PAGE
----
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Solar plus batteries aim to retire natural gas plants in 2019

Michael J. Coren
The sun begins to rise behind a pump jack and natural gas flare, Friday, Dec. 19, 2014, near Williston, N.D.

For years, proponents of natural gas referred to it as a “bridge fuel,” an interim power source on the way to a distant future dominated by renewable energy. That far-off day seemed to pose little immediate threat. Not anymore.

Last year, representatives at the World Gas Conference started referring to natural gas as a “destination fuel” instead, even as one US state after another halted plans for natural gas plants.

The nervousness stems from the plummeting prices of solar panels and battery storage. Natural gas plants are the historical go-to choice for “peaker plants,” which provide electricity during times of highest demand. While rarely used (just a few days per year on average), they’re critical to preventing blackouts.

Now, solar project developers are moving into that territory. Solar developers are bidding prices for new electricity capacity lower than natural gas plants even after adding batteries. In December, Credit Suisse confirmed that utility-scale solar-plus-storage was already cheaper than gas peaker plants in many cases.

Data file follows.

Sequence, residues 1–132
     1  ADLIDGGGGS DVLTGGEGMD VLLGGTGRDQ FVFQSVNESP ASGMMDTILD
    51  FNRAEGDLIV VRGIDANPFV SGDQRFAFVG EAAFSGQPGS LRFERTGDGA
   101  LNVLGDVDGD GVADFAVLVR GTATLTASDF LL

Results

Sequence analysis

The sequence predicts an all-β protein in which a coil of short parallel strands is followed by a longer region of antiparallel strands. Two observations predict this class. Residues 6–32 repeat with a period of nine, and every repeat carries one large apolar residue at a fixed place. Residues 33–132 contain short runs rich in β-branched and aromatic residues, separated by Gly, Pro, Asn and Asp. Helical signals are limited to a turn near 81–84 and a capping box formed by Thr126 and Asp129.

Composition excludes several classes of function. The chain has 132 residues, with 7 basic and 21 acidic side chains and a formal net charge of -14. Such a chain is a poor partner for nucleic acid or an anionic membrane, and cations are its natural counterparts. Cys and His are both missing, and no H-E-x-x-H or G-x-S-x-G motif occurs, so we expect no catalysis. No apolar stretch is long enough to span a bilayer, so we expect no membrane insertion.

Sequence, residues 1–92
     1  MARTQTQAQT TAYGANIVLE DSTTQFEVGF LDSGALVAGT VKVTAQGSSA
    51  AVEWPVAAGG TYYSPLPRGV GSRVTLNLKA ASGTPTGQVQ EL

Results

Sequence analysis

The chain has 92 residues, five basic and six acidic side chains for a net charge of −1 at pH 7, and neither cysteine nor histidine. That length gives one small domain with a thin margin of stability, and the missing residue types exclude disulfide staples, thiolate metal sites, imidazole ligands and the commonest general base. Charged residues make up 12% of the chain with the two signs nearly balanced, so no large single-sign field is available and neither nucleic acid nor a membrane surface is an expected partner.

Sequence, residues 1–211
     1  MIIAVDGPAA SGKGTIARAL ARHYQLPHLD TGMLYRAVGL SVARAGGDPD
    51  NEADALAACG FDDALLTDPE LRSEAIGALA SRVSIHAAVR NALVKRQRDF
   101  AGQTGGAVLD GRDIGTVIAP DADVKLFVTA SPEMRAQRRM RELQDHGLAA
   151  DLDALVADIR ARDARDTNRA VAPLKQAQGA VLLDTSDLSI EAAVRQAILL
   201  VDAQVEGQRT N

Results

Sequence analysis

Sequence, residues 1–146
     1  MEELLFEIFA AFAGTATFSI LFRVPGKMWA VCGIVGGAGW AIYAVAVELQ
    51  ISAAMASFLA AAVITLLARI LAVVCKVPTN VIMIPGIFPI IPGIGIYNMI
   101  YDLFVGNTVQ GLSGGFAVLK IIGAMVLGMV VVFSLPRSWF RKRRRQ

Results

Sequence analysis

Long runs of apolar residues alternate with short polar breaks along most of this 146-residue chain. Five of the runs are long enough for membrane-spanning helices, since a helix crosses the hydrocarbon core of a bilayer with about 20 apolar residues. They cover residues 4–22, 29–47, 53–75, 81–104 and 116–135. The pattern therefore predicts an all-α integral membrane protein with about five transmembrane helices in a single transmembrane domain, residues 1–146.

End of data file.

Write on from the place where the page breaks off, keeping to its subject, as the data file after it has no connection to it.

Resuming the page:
After years in the doldrums, US energy-storage installations, mostly lithium-ion batteries, are taking off, having risen 57% to 338 MW in 2018 over the previous year, according to estimates by Wood Mackenzie Power & Renewables. Globally, 6 gigawatt-hours have been installed worldwide.

GE and Siemens have been trying to offload their natural gas turbine businesses as sales tumble. In May 2018, GE cut its sales forecast for its heavy-duty natural gas power plant business by more than half, saying demand would stay at the reduced level through 2020.

 

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